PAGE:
Fleas continue to pose a challenge to pet owners all across the world. Throughout the United States, fleas start becoming active in the warmer month. In the winter months, outdoor fleas, larvae and eggs can die off due to low humidity levels but the ones indoors can still survive and remain dormant. That is why all year-round flea control is highly recommended.
The everyday household flea is in the Ctencephalides felis species. The English name is cat flea which is found on your dogs, cats, rodents and birds.
Fleas have six legs and are ½” in length. With strong hind legs they jump very high. Fleas can jump up to 200 times their own length, almost as far as 13 inches.
Harm to Animals
“Fleas can transmit a surprising number of diseases to animals and humans. Fleas can cause serious harm to you and your pet’s health through their bites and when they are ingested (such as when self-grooming) by the animals they target” states PetMd.
PetMed Express lists these five health problems from fleas:
- Flea allergy dermatitis
- Hot spots
- Bartonella infection
Fleas can also cause severe anemia in kittens and harm them enough to kill them.
Can Fleas Hurt Humans?
Humans are not the preferred menu of fleas. Fleas prefer cats and dogs to get their blood meals and complete their lifecycle stages. Although, fleas can bite you if you allow your pets in your bed. Fleas staying on your pets’ bodies will likely remain with them but if you have used flea powders or sprays, they will jump off and land on your skin. Children tend to get bitten more frequently than adults do, so it is best to discourage your pets from getting into bed with you.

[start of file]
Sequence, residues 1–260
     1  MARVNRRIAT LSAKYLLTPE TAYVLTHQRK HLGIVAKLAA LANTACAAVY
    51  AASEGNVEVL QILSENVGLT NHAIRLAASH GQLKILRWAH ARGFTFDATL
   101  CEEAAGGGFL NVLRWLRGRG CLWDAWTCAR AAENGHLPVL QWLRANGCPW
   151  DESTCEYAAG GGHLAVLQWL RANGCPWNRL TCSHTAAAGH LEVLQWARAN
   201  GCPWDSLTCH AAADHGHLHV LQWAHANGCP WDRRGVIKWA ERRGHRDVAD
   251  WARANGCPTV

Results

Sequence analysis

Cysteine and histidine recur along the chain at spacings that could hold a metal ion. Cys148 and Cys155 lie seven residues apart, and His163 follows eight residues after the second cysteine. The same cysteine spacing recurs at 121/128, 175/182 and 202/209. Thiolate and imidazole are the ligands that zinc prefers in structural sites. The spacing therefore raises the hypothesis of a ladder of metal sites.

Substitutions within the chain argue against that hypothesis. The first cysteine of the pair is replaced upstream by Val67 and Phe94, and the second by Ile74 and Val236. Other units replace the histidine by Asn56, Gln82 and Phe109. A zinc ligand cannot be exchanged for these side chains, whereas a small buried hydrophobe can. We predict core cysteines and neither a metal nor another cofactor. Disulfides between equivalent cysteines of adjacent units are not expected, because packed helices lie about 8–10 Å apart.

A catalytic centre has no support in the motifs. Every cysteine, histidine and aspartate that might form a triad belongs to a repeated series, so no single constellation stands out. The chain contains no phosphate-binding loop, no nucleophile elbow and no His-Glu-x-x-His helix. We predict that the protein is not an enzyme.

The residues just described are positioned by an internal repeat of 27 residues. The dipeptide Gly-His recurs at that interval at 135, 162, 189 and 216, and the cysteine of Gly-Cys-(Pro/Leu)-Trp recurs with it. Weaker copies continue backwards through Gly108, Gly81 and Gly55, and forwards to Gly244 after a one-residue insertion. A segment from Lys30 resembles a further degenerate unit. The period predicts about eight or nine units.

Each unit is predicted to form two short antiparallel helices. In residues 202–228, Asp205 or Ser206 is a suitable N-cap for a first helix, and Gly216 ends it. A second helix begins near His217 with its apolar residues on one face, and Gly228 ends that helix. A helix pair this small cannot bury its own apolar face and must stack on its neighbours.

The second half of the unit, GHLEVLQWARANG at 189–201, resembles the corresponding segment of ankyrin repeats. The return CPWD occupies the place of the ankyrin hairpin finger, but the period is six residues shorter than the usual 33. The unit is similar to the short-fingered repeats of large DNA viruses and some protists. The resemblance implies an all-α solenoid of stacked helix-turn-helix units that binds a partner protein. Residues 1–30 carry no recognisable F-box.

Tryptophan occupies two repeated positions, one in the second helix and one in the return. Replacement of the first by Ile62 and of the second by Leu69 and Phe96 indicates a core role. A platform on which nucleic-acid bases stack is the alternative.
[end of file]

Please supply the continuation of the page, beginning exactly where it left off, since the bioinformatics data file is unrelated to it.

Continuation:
Fleas can bite humans but are typically not dangerous to humans. Although they have been known to carry diseases. They can often cause severe itchiness and in some case, dermatitis and allergies.
Fleas Spread Rapidly
A female flea can lay nearly 25 to 50 eggs per day which allows fleas to spread rapidly. Within 3 to 4 weeks, these eggs then mature into adult fleas creating new populations. You can have a full-blown flea infestation in your home very quickly. It is important to eliminate fleas as soon as you spot the first one.
Die in the Winter?
Fleas usually begin to populate our homes and gardens during later winters and early spring. But in warmer climates like Georgia, they can be found all year round. You are going to be months late and fleas will already have been established in your home if you wait until summer to treat your pet. It is important to keep up with flea control throughout winter especially if you have had a flea problem in the warmer months.
Most fleas can survive for nearly 3 months without having a blood-meal. However, fleas need blood for completing many of their lifecycle stages and females cannot lay eggs until they have had their first meal when they reach the adult stage.
Flea fumigation is a form of flea control. Professional flea exterminators can handle the problem quickly and effortlessly.
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